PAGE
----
When Passion Goes Missing

There are many things that make a person successful. Certainly talent and knowledge are needed, along with the ability to get along with others. But as I scan our society it becomes clear that nothing else can make up for a lack of passion to achieve excellence in your given field or task.  When ability is combined with passion, achievement happens, and progress is made. Things get done and lives are influenced for good. In return, respect and recognition pave the way for advancement, giving a platform for even greater opportunity. But I see good men and women slip into a state of complacency once they are recognized as successful. Their drive dampens, and they settle for "good enough." Their work rate slows, and they develop the ability to talk a good game. But the sad reality is that "good enough" is really never good enough. Life moves on, with ever increasing challenges and opportunities, and those who rest on past performance will find themselves having fallen behind and soon, fallen away. And the reason? They have lost the passion and drive that once propelled them into leadership in the first place. The Apostle Paul had a clear mission statement for his life, found in Colossians 1:28: "Him (Jesus Christ) we proclaim, warning everyone and teaching everyone with all wisdom, that we may present everyone mature in Christ." And he followed this up with his personal passion statement: "For this I toil, struggling with all his energy that he powerfully works within me." So, here's the question: Are you toiling? Are you struggling to use every ounce of the energy God has made available to you? Are you passionate about the tasks he has set before you? Or are you complacent, satisfied, and well-stocked with pat examples of how you're working smarter not harder. If so, understand that good stewardship of our time and talents requires us to work both smarter and harder, passionately pursuing ever increasing levels of creativity and excellence. After all, the standard isn't our level of comfort and satisfaction but the glory of God. 

There are many things that make a person successful. Certainly talent and knowledge are needed, along with the ability to get along with others. But as I scan our society it becomes clear that nothing else can make up for a lack of passion to achieve excellence in your given field or task.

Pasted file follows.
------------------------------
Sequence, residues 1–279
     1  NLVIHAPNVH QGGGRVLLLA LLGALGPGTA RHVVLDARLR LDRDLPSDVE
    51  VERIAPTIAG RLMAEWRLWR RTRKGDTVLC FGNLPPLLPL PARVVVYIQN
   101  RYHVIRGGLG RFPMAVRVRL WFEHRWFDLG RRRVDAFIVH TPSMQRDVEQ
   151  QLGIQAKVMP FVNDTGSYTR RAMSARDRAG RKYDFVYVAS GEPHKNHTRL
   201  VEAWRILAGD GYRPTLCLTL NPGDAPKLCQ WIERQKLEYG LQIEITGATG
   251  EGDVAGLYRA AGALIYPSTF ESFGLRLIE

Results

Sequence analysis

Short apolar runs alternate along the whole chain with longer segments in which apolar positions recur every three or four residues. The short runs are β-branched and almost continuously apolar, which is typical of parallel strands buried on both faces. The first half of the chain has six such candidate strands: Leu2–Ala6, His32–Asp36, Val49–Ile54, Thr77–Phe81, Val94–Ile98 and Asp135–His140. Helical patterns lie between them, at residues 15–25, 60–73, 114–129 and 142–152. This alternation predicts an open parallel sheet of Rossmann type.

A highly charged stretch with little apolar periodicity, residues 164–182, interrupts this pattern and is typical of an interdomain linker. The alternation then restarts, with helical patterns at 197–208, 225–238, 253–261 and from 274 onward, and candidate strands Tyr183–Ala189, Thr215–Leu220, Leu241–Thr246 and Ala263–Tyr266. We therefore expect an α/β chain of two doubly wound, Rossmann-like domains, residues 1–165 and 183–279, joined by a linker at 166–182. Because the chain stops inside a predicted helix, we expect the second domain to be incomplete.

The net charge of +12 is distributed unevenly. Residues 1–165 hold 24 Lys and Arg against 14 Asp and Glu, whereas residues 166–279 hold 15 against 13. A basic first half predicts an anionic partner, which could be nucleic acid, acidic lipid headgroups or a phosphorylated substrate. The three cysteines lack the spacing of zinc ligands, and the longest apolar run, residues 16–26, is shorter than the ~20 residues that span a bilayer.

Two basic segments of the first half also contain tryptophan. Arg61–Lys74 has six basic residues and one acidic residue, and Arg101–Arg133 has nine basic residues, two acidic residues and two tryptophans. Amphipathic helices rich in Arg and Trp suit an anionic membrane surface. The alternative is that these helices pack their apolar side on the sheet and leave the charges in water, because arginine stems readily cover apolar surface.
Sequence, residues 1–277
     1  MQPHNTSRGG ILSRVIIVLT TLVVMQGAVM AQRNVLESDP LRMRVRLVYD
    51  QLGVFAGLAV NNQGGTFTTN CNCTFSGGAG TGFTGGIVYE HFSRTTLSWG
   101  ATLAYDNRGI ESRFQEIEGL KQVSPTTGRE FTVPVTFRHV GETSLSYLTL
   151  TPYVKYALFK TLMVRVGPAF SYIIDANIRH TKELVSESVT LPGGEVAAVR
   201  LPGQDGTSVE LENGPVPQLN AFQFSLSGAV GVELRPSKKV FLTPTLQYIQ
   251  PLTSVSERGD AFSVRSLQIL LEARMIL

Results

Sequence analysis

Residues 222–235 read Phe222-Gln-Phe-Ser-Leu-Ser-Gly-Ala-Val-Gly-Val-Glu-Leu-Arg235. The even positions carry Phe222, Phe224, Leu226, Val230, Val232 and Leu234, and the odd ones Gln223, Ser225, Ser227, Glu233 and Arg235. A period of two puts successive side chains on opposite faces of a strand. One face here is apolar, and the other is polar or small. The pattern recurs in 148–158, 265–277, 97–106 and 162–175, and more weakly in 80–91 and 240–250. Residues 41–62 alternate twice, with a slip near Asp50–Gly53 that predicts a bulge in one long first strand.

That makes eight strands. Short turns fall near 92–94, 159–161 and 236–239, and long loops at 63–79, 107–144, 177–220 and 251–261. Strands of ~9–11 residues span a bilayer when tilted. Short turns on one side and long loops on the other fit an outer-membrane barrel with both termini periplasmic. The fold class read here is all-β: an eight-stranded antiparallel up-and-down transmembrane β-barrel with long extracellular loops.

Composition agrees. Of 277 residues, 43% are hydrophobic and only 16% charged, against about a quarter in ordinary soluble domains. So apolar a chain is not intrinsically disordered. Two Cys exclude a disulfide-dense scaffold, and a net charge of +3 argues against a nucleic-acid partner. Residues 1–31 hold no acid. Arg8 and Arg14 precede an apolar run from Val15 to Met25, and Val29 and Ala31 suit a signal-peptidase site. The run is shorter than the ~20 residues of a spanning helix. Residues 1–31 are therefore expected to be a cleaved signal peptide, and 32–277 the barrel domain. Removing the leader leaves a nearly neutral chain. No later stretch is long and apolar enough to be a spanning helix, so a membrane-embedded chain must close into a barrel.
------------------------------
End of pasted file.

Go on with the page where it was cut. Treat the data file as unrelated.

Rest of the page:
When ability is combined with passion, achievement happens, and progress is made. Things get done and lives are influenced for good. In return, respect and recognition pave the way for advancement, giving a platform for even greater opportunity.

But I see good men and women slip into a state of complacency once they are recognized as successful. Their drive dampens, and they settle for "good enough." Their work rate slows, and they develop the ability to talk a good game. But the sad reality is that "good enough" is really never good enough. Life moves on, with ever increasing challenges and opportunities, and those who rest on past performance will find themselves having fallen behind and soon, fallen away. And the reason? They have lost the passion and drive that once propelled them into leadership in the first place.

The Apostle Paul had a clear mission statement for his life, found in Colossians 1:28: "Him (Jesus Christ) we proclaim, warning everyone and teaching everyone with all wisdom, that we may present everyone mature in Christ." And he followed this up with his personal passion statement: "For this I toil, struggling with all his energy that he powerfully works within me."

So, here's the question: Are you toiling? Are you struggling to use every ounce of the energy God has made available to you? Are you passionate about the tasks he has set before you? Or are you complacent, satisfied, and well-stocked with pat examples of how you're working smarter not harder. If so, understand that good stewardship of our time and talents requires us to work both smarter and harder, passionately pursuing ever increasing levels of creativity and excellence. After all, the standard isn't our level of comfort and satisfaction but the glory of God.